Joseph Blue's neighborhood is turning into a ghost town. Two-thirds of the families in his sub-division are abandoning their houses and moving to higher ground.
"I'm out of here. I never stay here by myself. I thought it was the most beautiful thing I could have done and leave it for my children, but what can you say?" said Blue.
People are leaving to escape flooding.Hurricane Franwrecked the neighborhood in 1996. The federal government is footing the bill so that people will move out of the low-lying area.
The same money is not available for 14 other homeowners in the same neighborhood. They did not jump the first time the buyout was offered.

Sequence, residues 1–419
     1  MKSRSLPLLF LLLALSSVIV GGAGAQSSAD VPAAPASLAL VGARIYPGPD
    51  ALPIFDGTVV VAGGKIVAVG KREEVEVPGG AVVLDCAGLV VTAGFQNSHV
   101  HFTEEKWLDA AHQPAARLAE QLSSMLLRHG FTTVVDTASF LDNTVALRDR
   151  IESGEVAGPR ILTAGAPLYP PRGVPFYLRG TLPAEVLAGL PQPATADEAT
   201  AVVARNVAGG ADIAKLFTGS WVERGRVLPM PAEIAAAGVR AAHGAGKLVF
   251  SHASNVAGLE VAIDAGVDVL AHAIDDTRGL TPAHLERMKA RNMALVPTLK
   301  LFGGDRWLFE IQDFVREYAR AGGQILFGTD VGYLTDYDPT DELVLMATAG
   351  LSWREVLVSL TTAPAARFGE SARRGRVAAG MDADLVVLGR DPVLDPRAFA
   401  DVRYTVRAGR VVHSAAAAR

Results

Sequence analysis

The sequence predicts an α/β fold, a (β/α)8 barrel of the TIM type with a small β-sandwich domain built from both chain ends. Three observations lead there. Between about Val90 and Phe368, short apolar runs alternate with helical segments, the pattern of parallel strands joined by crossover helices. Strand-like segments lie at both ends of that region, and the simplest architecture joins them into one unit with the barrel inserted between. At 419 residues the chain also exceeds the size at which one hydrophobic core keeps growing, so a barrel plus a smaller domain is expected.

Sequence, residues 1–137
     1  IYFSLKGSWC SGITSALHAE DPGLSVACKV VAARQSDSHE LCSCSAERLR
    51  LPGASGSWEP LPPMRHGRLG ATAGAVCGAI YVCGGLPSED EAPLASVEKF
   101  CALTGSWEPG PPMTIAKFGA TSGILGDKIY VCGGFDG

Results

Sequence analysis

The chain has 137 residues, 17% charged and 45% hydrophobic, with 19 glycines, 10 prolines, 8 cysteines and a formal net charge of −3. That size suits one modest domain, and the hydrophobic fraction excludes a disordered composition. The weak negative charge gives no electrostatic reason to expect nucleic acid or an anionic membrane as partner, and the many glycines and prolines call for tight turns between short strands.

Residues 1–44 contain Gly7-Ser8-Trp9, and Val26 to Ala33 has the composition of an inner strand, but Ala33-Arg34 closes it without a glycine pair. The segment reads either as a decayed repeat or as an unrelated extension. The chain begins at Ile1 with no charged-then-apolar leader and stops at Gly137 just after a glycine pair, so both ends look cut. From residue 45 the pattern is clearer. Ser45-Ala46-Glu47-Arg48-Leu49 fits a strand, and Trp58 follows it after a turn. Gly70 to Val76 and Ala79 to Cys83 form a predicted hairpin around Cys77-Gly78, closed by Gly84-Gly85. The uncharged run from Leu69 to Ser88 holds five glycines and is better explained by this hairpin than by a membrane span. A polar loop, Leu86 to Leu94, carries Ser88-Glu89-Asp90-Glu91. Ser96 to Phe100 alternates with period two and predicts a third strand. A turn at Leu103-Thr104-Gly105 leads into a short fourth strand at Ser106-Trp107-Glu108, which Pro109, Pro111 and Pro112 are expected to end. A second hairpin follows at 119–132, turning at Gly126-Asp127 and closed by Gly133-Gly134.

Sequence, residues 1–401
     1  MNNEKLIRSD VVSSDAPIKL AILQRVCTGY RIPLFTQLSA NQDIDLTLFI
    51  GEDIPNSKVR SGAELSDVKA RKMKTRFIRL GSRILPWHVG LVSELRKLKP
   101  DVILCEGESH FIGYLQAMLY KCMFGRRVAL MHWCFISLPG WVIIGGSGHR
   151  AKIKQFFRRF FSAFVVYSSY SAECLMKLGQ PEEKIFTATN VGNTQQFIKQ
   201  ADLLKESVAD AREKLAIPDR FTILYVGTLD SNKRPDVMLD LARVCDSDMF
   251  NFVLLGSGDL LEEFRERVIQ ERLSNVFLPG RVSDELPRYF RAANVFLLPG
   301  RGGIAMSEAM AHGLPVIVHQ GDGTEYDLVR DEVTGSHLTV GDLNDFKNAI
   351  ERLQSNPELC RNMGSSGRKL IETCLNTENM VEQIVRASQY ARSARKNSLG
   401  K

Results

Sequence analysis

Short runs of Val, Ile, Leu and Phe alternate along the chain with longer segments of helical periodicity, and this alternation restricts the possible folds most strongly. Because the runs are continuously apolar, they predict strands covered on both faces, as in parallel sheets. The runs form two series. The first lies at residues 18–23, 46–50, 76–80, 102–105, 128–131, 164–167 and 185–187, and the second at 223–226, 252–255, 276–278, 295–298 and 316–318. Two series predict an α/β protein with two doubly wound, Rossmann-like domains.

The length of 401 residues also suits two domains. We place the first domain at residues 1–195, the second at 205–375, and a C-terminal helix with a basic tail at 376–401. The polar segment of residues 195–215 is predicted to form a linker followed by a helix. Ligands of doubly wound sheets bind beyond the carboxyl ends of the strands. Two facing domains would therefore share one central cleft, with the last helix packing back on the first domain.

When they applied later, the government denied their applications.
Homeowner Christine Smith will be left behind after the homes of seven neighbors are destroyed.
"What I'm worried about is that all the houses in front me are going to be gone, and it'll grow up in woods. There are already things coming out that I've never seen before," said Smith.
Now that the exodus has started, homeowners say it is almost impossible to sell their property.
TheCity of Goldsborois appealing for the homeowners and trying to move them out before the next flood moves in.
"I truly believe in the long run they are going to come back and realize that our neighborhood has truly gone down. I think they are going to help us out," said homeowner Tammy Faison.
If homeowners do get help, it will probably come from the city of Goldsboro.
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